# Transistor circuit: Determine source resistance

1. Apr 9, 2015

### beyondlight

1. The problem statement, all variables and given/known data

Calculate Rs so that the draincurrent ID = 4 mA. Vad does the gain A become? uo/ui? For the transistor:

k = 3 mA/V^2
Vt = -2 V

also:

R1 = 50 k ohm
Rd = 2.2 k ohm
C = infinity for signalfrequencies

image of circuit:

http://sv.tinypic.com/view.php?pic=9pyq9z&s=8#.VSbHQfl_vxM

2. Relevant equations
$i_{ds} = \frac{1}{2}k(v_{gs} - V_{t})^{2}$ (1)

3. The attempt at a solution

$I_{D} = 4 mA$ (2)
$v_{d} = E - R_{D}\cdot I_{D}$ (3)
$v_{s} = R_{S}\cdot I_{D}$ (4)
$v_{ds} = ????$

From equation 1 we can get v_gs, that is the voltage between gate and source. But I still don't know how to get RS since I dont know u_in or v_ds.

2. Apr 9, 2015

### phyzguy

I think you are supposed to calculate Rs so that the quiescent current Id = 4mA. So you can assume that u_in = 0. Then you know Vg so you can write an equation for Ids (which you are given) in terms of Rs and solve for Rs.

3. Apr 9, 2015

### beyondlight

I don't understand why u_in = 0 just because it is the quiescent current?

4. Apr 9, 2015

### phyzguy

Well, I don't know for certain what the problem had in mind, but it looks like a small signal amplifier. So probably u_in is a small AC signal with an average value of zero, which best amplified and the amplified signal appears at u_out. The quiescent current is the current flowing when no input signal is applied, which means that u_in = 0. To be sure, maybe you should ask whoever assigned the problem whether you can assume that u_in = 0 when calculating Rs.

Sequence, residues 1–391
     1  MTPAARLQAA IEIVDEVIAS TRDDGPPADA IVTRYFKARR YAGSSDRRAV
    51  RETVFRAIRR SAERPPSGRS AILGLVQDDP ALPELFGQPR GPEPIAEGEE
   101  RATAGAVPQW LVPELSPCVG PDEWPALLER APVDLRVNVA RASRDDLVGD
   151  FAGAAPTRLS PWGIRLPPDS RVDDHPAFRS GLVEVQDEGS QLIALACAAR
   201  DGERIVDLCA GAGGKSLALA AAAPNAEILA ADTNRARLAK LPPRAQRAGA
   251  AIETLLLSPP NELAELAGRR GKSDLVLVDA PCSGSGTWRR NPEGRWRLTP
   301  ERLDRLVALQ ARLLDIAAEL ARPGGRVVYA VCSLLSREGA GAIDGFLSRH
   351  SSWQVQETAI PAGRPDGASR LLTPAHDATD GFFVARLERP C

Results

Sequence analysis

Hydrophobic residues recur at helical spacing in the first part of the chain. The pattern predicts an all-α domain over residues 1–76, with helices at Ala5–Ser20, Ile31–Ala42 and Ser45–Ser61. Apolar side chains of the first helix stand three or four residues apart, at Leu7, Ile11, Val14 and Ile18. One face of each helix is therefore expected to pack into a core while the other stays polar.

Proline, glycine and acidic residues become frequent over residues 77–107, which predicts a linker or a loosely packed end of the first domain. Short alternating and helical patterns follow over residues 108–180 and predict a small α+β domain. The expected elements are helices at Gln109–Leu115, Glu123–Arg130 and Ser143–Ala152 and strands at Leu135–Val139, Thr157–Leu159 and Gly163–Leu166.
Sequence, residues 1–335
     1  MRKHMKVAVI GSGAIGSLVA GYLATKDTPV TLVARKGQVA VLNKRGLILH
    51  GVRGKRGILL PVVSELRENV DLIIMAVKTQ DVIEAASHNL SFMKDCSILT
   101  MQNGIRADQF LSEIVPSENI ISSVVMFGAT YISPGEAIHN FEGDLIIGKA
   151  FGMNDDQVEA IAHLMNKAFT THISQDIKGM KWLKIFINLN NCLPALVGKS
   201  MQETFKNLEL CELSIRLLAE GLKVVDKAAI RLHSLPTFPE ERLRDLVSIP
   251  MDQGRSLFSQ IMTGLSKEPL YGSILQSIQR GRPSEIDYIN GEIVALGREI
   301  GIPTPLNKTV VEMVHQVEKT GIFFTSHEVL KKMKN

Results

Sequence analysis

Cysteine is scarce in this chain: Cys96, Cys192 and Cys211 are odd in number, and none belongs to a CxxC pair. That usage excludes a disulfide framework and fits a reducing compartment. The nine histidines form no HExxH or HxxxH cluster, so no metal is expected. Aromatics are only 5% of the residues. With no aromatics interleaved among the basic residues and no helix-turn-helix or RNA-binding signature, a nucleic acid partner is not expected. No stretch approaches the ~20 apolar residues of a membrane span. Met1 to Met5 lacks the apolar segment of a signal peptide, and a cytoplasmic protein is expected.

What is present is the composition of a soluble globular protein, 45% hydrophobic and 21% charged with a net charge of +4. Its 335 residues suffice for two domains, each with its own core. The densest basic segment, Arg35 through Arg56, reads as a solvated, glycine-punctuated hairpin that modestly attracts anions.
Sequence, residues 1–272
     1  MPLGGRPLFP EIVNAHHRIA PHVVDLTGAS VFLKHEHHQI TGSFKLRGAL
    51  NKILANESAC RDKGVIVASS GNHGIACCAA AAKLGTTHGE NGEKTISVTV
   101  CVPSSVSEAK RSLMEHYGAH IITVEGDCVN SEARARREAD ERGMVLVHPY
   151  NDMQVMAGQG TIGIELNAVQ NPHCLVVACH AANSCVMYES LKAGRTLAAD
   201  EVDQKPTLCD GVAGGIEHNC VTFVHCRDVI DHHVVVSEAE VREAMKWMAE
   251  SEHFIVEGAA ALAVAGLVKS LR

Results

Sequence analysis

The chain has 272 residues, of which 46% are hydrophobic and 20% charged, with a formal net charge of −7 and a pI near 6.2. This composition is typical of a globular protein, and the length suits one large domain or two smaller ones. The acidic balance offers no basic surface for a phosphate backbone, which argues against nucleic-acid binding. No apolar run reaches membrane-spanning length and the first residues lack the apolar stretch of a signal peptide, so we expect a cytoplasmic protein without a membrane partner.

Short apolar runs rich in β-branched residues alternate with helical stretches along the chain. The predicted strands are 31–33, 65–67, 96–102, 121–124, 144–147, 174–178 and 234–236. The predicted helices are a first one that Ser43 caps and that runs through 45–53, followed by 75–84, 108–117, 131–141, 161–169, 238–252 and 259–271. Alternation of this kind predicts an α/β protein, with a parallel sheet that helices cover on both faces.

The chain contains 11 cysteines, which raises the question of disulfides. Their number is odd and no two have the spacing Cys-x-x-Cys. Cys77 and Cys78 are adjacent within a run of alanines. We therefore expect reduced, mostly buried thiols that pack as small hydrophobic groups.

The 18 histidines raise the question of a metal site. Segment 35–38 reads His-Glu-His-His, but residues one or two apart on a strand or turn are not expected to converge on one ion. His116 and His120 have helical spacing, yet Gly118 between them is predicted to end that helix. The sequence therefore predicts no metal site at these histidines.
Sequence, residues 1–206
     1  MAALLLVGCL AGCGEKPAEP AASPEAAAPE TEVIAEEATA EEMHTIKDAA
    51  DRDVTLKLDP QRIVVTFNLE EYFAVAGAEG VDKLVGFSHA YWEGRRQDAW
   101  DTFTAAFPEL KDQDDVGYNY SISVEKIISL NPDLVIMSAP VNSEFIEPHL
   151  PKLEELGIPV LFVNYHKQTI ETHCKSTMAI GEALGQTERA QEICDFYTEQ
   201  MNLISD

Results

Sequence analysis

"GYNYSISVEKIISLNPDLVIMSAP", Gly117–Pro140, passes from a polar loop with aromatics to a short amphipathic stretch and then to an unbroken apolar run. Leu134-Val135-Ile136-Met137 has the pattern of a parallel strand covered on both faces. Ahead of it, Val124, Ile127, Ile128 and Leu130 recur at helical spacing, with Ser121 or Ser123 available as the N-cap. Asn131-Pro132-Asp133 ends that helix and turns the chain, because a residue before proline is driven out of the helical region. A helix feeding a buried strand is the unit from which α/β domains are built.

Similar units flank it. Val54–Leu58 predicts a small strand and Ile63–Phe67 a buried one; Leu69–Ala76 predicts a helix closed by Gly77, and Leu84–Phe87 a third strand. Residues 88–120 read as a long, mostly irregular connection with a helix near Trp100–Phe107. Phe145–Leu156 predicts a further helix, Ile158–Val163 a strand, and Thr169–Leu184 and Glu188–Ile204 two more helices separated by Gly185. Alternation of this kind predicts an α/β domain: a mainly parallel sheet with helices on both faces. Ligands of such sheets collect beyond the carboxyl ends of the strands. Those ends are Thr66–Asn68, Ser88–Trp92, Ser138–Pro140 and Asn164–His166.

5. Apr 9, 2015

### beyondlight

From earlier examples I've seen in lectures that u_in is nonzero in quiesent operation. For example: U_gsq = 5 V, U_dsq = 5.5 V and I_dsq = 4.5 mA.

I got the right answer so you are most probably right. But the quiescent current is a DC current so the quiescent input voltage must also to be a DC voltage. How do I know u_in = 0 produces a quiescent current of 4 mA? Since I am calculating on the quiescent current I am only taking the DC voltage part of u_in otherwise I would had to do my calculations on the small-signal model.

6. Apr 9, 2015

### phyzguy

The quiescent current is defined as the current that flows even when the input voltage and input current are zero. It is a current intentionally set up in the circuit so that the amplifier is biased at a point at which it will function properly.

7. Apr 10, 2015

### Staff: Mentor

Gate-to-source voltage in your circuit will be non=zero too. It makes no difference to the transistor whether source is zero volts and the gate has a negative potential, or whether the gate is zero and the source is at some positive potential (as here). The important figure is that VGS is appropriate.

8. Apr 10, 2015

### Zondrina

For the DC analysis, you should be assuming $u_{in} = 0$. You can superimpose the AC analysis separately afterwards.

I'm assuming there is a common ground, so this would lead to $V_G = 0$ because $I_G = 0$.

The capacitor is an open circuit for DC, so all that is left is to find $V_{GS}$ using the saturation current $I_D$.

Then simply using the facts $V_{GS} = V_G - V_S$ and $I_D = I_S$, you can solve for $R_S = \frac{V_S}{I_S}$.

As for the gain, simply look at the circuit with the AC source non-zero and all DC sources grounded. The capacitor will behave like a short circuit so its probably a good idea to re-draw the circuit to be careful.